Martin van Maële

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An illustration by Martin van Maële: La Grande danse macabre des vifs

Maurice François Alfred Martin van Miële (October 12, 1863 – September 5, 1926), better known by his pseudonym Martin van Maële, was a French illustrator of early 20th century literature. He is renowned for his work in the field of erotic literature.

Family relationships[edit]

Born in the commune of Boulogne sur Seine, once an important industrial town, near Paris, France, his parents were Virginie Mathilde Jeanne van Maële and Louis Alfred Martin (himself an engraver and later a teacher at the Beaux-Arts school in Geneva). His pseudonym, Martin van Maële, is a combination of his mother's maiden name and his father's surname. He also sometimes used the pseudonym A. Van Troizem.

He married Marie Françoise Genet; the couple had no children. He died on September 5, 1926, aged 62, and was interred in the cemetery of Varennes-Jarcy.[1]

Life and career[edit]

He worked at Brussels as well as Paris, and his best known work – consisting among other things of an illustrated edition of Paul Verlaine's poems – was published in small, secretive editions by publisher Charles Carrington. The prints are considered both humoristic and satirical, sometimes cynical.

Van Maële's career is said to have really began with his illustrations for H. G. Wells in Les Premiers Hommes dans la Lune (or The First Men in the Moon), published by Felix Juven in 1901.

The title later became the classic 1902 sci-fi silent film called Le Voyage Dans La Lune, produced by Georges Méliès. Van Maële also illustrated Anatole France's Thais, published by Charles Carrington, also in 1901. The following year, and occasionally thereafter, van Maële worked as an illustrator for the Felix Juven's French translations of the Sherlock Holmes series.[citation needed] He is widely renowned and mostly remembered for his erotic illustrations, two examples of which are on this page.

Bibliography[edit]

La Grande Danse macabre des vifs (1905)

Collection[edit]

  • The Satyrical Drawings of Martin van Maële.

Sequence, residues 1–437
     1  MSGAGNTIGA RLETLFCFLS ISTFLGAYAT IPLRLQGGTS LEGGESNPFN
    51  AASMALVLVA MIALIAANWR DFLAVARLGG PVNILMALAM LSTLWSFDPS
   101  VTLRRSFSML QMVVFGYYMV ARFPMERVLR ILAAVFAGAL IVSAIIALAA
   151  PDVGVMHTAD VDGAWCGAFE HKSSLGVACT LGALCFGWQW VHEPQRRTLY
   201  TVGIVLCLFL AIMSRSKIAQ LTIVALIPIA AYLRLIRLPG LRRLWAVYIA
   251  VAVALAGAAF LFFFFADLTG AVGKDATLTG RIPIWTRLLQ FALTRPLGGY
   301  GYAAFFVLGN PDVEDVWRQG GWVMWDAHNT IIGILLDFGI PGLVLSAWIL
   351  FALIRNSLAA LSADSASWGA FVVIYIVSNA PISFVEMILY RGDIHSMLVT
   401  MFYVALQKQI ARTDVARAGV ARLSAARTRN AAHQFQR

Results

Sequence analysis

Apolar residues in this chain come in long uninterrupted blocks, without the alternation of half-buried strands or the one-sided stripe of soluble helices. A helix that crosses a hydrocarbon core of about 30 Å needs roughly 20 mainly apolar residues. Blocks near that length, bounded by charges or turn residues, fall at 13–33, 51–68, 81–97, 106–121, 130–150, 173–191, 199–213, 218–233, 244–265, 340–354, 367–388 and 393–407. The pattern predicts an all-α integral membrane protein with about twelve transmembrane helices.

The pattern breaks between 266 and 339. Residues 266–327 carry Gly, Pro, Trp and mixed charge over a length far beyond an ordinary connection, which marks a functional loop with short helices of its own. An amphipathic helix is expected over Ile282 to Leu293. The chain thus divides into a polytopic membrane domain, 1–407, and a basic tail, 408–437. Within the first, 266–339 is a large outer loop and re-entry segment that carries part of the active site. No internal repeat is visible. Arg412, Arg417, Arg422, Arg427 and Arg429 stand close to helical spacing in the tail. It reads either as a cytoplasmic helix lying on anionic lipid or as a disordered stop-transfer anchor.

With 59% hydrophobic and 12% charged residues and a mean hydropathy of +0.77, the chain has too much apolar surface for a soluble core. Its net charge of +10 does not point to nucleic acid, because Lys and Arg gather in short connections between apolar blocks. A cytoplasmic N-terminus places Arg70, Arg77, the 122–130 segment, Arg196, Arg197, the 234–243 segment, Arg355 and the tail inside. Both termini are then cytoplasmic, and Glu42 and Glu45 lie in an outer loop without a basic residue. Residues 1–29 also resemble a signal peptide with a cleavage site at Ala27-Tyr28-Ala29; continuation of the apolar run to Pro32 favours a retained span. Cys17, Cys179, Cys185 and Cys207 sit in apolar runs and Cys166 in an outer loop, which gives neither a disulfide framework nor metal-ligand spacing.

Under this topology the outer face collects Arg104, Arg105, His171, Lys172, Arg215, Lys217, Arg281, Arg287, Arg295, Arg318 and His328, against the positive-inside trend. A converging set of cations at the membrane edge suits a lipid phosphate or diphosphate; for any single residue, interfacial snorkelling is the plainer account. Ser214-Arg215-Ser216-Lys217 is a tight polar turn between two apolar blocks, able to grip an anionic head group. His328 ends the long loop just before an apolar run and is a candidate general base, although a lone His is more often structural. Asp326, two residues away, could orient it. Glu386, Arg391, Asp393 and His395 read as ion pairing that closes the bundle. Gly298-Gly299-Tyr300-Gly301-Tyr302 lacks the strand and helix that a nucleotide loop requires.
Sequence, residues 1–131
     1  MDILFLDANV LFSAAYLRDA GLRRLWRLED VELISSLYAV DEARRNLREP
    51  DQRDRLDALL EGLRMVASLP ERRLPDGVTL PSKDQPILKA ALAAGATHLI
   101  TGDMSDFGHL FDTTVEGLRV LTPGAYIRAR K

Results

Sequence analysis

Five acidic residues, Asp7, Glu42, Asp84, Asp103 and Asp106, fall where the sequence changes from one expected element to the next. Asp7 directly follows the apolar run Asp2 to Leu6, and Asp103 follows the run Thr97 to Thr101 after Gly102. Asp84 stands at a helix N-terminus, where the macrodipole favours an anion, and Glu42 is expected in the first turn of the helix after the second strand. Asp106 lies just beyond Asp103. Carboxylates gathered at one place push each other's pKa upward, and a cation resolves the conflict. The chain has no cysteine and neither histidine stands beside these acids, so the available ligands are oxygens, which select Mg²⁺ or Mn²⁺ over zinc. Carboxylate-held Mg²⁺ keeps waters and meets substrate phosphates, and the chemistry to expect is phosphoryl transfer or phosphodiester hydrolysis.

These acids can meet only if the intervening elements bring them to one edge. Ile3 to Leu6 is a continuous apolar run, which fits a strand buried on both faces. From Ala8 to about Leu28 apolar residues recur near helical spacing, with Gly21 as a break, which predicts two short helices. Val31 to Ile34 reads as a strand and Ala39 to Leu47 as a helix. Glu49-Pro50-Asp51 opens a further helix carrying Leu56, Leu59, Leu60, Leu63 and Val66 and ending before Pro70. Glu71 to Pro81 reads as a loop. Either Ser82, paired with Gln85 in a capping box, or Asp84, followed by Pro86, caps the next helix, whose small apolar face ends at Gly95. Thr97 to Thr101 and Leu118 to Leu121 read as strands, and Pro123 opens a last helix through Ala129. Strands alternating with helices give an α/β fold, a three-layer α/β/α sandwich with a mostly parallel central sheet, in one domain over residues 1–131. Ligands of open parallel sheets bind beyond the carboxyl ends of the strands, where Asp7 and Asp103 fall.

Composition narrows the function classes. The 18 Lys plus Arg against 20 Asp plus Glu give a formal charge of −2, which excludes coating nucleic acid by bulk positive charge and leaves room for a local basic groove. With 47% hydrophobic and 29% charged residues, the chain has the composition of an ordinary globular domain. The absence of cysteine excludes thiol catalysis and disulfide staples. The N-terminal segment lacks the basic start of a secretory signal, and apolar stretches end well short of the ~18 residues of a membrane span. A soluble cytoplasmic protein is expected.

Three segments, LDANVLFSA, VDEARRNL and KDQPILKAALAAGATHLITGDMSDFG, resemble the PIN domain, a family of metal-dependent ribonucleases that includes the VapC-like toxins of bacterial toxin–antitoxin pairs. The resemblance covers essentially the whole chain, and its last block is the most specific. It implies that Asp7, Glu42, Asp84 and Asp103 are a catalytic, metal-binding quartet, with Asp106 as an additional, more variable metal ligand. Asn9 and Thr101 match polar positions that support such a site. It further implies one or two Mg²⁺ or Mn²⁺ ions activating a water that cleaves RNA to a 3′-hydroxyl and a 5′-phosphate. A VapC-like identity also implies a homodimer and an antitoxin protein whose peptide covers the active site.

Drawings[edit]

  • Anatole France, Thaïs, Charles Carrington, Paris, 1901.
  • Wilhelm Reinhard (translated by Jean de Villiot), La flagellation des femmes en Allemagne, Charles Carrington, Paris, 1901. 20 drawings.
  • Margaret Anson (translated by Jean de Villiot), Une société de flagellantes. Réminiscences et révélations d’une soubrette de grande maison..., Charles Carrington, Paris, 1902.
  • Anatole France (translated by A. R. Allinson), The Well of Santa Clara (Le puits de Sainte Claire), Charles Carrington, Paris, 1903.
  • Jean de Villiot, Dix-sept ans : étude sociale, Charles Carrington, Paris, 1905. Drawings.
  • Apulée (translated by Jean de Montlyard), L'Âne d'or, Charles Carrington, Paris, 1905. 21 eaux-fortes. New edition by Jean de Bonnot, Paris, 1991.
  • Paul Verlaine, La Trilogie érotique : Amies, Femmes, Hombres, Charles Carrington, Bruxelles, 1907. 15 drawings.
  • Aimé Van Rod, Nos Belles flagellantes, Paris, 1907. 10 drawings.
  • Pierre Choderlos de Laclos, Les Liaisons dangereuses, Jules Chevrel, Paris, 1908. 20 drawings.
  • Jules Michelet, La Sorcière, Jules Chevrel, Paris, 1911. New edition by Jean de Bonnot, 1987.
  • Edgar Allan Poe (translated by Charles Baudelaire, Dix contes, Librairie Dorbon-Ainé, Paris, 1912. 95 engravings by Eugène Dété.
  • Denis Diderot, La Religieuse, Jules Chevrel, Paris 1916.
  • Sadinet, Petites cousines : souvenirs érotiques d'un homme de qualité touchant les jolies petites cousines... les bonnes à tout faire... les femmes du monde et les belles filles de province, À la folie du jour (Jean Fort), 1919. Drawings attributed to Van Maële.
  • Claude de Saint-Hieble, L'Instrument des apothécaires, Jean Fort, coll. « Les Amis du bon vieux temps », Paris, 1920.
  • Edmond Haraucourt, La Légende des sexes, Au Clos Bruneau, Paris, 1921. 12 gravings.
  • François Béroalde de Verville, Le Moyen de parvenir, Jean Fort, Paris, 1921. 18 coloured drawings and 65 small drawings.
  • Pierre Fély, Les Princesses de Cythère, chronique libertine de l'histoire., Jean Fort, coll. « Les Amis du bon vieux temps », Paris, 1922.
  • Charles Sorel, L'Histoire comique de Francion. En laquelle sont découvertes les plus subtiles finesses et trompeuses inventions tant des hommes que des femmes de toutes sortes de conditions et d’âges., Jean Fort, Paris, 1925. 17 drawings and 16 compositions.
  • Pierre de Jusange, La Comtesse au fouet, Jean Fort, Paris, 1926. 7 drawings.
  • Docteur Gastien Fowler, Maison des flagellations, Jean Fort, Collection des Orties Blanches, Paris, 1926.
  • Pierre l'Arétin, Dialogues, Jean Fort, 1927. 66 drawings and 10 drawings. Van Maële died while the drawings were being made, so some are by Luc Lafnet.
  • Ovide, Les amours ; L'art d'aimer ; Les Héroïdes ; Les remèdes d'amour ; Les cosmétiques, Jean de Bonnot, Paris, 2000.
  • Conan Doyle, Aventures Extraordinaires, 15 drawings, Librairie Félix Juven, Paris, 1902.

Others[edit]

  • Martin van Maële, La Grande Danse macabre des vifs, Charles Carrington, 1905. 40 drawings. New edition by Déesse, Nanterre, 1980.
  • Martin van Maële, The satyrical drawings of Martin van Maële, Cythera Press, New York, 1970.

References[edit]

External links[edit]